The Prime Minister’s questions, on the other hand, require booking. To book a ticket for the Prime Minister’s questions, you can go here . Remember that this last event is free but only available to UK residents.


During the week, the Palace of Westminster is open from 9:00 am to 5:00 pm, but on Wednesdays, the schedule is reduced to 1:00 pm - 4:00 pm. The palace is closed on Saturdays and Sundays. You can see the opening times summary below.

Mon- Fri
Day Opening time Closing time
Mon- Fri 9:00 am 5:00 pm
Wed 1:00 pm 4:00 pm
Sat-Sun Closed

The Parliamentary Archives, found inside the Palace, are open during weekdays from 10:00 am to 4:00 pm.

Mon- Fri
Sat-Sun, bank holidays
Day Opening time Closing time
Mon- Fri 10:00 am 4:00 pm
Sat-Sun, bank holidays Closed

The public galleries, from which you can watch parliamentary debates, are usually open Monday to Thursday.

Committee meetings usually take place on Monday afternoons, all day on Tuesday and Wednesday, and on Thursday mornings.

The Prime Minister’s questions are scheduled for a set time, just like the talks.

You can check out Parliamentary calendars for debates, committee meetings, and PM questions on the Parliament’s website .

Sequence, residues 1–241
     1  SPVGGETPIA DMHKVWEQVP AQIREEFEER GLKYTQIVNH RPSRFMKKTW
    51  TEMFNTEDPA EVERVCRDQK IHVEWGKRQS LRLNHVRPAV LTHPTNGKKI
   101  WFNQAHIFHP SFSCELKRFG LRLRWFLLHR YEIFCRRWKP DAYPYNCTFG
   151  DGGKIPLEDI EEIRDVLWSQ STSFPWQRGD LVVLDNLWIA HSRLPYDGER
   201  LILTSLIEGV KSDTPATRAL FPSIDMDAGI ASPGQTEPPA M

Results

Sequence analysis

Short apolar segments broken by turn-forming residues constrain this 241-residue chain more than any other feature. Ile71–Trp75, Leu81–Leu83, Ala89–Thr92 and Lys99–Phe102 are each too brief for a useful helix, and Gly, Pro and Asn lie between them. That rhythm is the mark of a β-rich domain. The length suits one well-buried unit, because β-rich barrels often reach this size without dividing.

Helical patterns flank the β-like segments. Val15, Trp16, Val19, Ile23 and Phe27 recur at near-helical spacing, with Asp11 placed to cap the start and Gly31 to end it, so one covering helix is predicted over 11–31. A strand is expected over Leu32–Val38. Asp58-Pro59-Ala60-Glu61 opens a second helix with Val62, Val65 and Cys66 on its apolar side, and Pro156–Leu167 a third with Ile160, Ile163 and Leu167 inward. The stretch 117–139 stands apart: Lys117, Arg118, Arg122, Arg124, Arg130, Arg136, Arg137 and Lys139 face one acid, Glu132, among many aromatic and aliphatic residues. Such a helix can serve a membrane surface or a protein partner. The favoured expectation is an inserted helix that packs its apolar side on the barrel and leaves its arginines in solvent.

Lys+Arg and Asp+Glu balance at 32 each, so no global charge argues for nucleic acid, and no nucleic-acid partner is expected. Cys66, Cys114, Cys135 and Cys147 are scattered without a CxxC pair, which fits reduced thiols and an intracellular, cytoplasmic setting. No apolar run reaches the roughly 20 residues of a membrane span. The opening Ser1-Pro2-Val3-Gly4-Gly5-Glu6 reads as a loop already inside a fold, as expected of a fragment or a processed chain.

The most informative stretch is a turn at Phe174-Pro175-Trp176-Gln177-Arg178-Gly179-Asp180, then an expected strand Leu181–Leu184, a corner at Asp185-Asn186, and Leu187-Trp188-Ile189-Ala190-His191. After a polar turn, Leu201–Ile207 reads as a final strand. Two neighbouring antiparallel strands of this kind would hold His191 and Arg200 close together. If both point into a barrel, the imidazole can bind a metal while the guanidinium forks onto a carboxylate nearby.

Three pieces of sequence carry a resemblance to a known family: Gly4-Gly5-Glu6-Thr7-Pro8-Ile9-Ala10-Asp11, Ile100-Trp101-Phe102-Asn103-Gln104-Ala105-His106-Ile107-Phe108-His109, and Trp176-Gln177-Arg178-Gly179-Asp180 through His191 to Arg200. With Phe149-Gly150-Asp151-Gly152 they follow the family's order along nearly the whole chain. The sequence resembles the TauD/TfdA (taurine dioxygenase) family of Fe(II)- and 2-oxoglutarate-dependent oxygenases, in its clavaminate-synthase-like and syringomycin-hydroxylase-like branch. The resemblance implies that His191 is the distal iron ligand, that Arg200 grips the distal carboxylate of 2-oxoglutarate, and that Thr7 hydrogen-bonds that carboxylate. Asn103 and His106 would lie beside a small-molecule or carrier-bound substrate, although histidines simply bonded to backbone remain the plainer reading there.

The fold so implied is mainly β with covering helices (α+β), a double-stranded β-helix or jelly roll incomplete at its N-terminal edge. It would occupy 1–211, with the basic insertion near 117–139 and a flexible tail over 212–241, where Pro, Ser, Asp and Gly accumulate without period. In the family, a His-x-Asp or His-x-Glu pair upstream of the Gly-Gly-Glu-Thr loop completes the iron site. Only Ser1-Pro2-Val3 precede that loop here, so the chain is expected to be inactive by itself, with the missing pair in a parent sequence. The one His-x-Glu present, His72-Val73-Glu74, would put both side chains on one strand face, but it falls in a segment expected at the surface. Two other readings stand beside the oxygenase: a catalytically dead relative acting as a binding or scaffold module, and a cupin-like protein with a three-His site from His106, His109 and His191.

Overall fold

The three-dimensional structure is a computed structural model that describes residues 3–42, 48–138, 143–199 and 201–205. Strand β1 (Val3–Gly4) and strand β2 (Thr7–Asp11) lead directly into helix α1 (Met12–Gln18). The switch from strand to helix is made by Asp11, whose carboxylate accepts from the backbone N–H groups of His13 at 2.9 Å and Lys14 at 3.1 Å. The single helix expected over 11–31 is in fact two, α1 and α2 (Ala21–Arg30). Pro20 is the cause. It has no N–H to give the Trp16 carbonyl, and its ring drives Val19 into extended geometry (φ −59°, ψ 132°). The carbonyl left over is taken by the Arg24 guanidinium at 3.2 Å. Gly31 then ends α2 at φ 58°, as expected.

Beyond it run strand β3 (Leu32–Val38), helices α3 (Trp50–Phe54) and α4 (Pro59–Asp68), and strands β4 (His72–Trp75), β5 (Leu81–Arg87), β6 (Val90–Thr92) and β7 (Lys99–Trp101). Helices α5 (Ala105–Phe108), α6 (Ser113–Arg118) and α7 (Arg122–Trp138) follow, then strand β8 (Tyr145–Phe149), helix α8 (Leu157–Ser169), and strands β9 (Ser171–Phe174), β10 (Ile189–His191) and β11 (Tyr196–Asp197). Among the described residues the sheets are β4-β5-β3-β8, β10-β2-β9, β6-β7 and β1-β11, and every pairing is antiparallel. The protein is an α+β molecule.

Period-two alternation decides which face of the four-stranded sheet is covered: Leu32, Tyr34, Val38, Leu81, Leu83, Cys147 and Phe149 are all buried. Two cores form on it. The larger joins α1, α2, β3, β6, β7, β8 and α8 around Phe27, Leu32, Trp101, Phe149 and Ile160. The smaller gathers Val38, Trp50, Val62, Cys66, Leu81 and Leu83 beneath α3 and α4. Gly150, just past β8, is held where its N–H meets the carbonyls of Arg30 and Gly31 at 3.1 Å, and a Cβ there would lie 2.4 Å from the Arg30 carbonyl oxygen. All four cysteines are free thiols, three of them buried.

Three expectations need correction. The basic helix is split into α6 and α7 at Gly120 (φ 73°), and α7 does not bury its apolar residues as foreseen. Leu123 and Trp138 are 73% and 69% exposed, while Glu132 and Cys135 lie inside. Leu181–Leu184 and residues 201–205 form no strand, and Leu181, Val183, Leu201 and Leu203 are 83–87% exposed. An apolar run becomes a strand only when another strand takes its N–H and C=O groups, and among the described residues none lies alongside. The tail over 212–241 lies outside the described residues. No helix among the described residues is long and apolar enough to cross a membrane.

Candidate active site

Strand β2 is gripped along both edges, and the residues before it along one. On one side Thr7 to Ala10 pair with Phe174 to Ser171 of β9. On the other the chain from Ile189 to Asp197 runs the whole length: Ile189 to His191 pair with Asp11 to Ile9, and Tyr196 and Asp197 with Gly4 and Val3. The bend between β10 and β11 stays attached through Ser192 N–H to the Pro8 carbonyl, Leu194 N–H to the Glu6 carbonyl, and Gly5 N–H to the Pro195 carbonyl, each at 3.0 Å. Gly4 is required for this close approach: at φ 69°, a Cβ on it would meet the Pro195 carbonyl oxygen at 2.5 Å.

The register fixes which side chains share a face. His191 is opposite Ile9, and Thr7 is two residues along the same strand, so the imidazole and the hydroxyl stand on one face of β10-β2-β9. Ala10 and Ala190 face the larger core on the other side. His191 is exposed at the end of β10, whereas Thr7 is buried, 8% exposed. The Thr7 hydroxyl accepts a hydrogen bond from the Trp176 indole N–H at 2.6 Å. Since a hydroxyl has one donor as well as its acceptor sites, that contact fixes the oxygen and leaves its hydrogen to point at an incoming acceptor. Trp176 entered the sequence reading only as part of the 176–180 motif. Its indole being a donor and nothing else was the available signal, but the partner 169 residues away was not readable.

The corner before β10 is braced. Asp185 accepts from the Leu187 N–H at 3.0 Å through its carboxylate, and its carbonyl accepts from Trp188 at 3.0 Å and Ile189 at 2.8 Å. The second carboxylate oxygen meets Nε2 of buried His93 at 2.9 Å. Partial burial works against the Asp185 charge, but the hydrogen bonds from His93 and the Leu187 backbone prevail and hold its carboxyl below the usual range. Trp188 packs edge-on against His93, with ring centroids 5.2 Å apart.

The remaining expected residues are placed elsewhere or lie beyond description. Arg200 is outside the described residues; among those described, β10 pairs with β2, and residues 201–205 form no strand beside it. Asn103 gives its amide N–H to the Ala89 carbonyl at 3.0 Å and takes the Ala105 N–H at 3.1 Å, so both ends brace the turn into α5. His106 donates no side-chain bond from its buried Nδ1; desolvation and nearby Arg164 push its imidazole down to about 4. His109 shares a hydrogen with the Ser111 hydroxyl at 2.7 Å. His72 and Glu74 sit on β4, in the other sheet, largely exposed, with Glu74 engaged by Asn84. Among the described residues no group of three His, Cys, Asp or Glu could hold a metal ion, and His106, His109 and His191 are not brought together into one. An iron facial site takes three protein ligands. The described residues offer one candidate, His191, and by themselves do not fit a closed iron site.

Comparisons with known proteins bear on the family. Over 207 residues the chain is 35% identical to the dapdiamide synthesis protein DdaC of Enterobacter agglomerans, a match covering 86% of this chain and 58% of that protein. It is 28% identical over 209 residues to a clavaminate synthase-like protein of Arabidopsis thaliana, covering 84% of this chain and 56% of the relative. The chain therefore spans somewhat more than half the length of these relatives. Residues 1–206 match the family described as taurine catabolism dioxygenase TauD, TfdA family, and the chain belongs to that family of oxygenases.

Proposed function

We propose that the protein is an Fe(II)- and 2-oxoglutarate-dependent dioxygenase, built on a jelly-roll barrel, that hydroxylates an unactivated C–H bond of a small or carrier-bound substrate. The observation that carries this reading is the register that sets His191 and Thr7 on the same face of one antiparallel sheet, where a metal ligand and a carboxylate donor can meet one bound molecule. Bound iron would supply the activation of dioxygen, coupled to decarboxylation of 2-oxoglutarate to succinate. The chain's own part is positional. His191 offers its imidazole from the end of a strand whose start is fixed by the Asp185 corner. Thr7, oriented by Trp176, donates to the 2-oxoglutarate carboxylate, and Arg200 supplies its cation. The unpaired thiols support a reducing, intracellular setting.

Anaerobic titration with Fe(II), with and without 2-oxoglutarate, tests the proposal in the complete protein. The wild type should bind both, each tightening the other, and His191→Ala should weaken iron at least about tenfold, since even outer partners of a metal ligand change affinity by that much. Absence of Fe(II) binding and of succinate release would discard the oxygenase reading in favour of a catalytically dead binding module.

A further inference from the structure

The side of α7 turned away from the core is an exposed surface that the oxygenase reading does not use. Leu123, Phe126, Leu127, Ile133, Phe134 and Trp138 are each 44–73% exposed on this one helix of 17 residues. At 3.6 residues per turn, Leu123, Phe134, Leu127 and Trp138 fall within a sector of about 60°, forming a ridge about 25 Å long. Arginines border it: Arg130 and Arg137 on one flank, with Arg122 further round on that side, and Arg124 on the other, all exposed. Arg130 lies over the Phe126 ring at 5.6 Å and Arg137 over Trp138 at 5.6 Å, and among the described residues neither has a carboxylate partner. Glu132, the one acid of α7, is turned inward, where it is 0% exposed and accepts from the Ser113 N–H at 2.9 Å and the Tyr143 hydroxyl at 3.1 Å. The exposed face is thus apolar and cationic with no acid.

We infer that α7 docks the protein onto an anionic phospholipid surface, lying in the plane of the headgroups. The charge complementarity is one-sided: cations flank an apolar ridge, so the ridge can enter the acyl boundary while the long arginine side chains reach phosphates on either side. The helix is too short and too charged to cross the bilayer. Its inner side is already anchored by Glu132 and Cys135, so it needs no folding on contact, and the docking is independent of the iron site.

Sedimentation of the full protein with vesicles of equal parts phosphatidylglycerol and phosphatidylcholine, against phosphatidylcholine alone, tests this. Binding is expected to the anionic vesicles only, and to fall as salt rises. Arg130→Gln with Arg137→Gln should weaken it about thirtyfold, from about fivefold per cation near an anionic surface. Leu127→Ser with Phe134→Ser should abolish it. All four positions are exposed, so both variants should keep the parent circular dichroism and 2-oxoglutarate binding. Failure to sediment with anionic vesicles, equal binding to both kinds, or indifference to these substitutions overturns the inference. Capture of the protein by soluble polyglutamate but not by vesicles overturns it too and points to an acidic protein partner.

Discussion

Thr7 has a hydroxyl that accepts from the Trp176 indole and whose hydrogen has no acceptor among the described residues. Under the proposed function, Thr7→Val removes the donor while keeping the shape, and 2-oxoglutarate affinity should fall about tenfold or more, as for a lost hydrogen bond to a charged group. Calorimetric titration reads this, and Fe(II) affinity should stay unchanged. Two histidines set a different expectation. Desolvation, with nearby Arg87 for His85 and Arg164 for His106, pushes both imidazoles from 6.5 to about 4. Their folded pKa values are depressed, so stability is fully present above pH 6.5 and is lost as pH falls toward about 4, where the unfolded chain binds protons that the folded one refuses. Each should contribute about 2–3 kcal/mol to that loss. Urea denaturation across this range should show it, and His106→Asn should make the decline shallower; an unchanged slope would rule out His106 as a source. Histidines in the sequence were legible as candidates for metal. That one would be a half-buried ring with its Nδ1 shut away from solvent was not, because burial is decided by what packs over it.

Westminster Palace being as central as it is, there are quite a few options to reach it. The one we recommend the most is to use the Underground and get off at Westminster. You can use Circle, District, or Jubilee lines to get here. You’ll find the stop just across the northern side of the building.

If you prefer to go by bus, there are quite a few lines you can use, the closest ones being 3, 11, 12, 87, 88, 148, 159, 211, and 453. They stop all around the Palace, except for the eastern side, since that is facing the Thames River.

You can find a summary of the public transport options in the table below.

Method Underground Bus
Lines Circle, District, Jubilee 3, 11, 12, 87, 88, 148, 159, 211, 453
Stops Westminster -

Of course, you can also decide to get dropped off at Westminster Palace by a cab, but we don’t recommend that option, since taxis tend to be very expensive in London. The area is so central that you’ll have no problem reaching it with other means of transport anyway.

Nearby sights

Big Ben - right next to Westminster Palace, just north of it.

Westminster Abbey - right behind Westminster Palace, just west of it.

St James’s Park - 500 m (0.3 miles) west, 7-minute walk.

London Eye - 900 m (0.5 miles) northeast, 11-min walk just across the river.

Trafalgar Square - 1 km (0.6 miles) north, 13-minute walk.

Buckingham Palace - 1.3 km (0.8 miles) west, 17-minute walk, just past St. James’s Park.

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Westminster Palace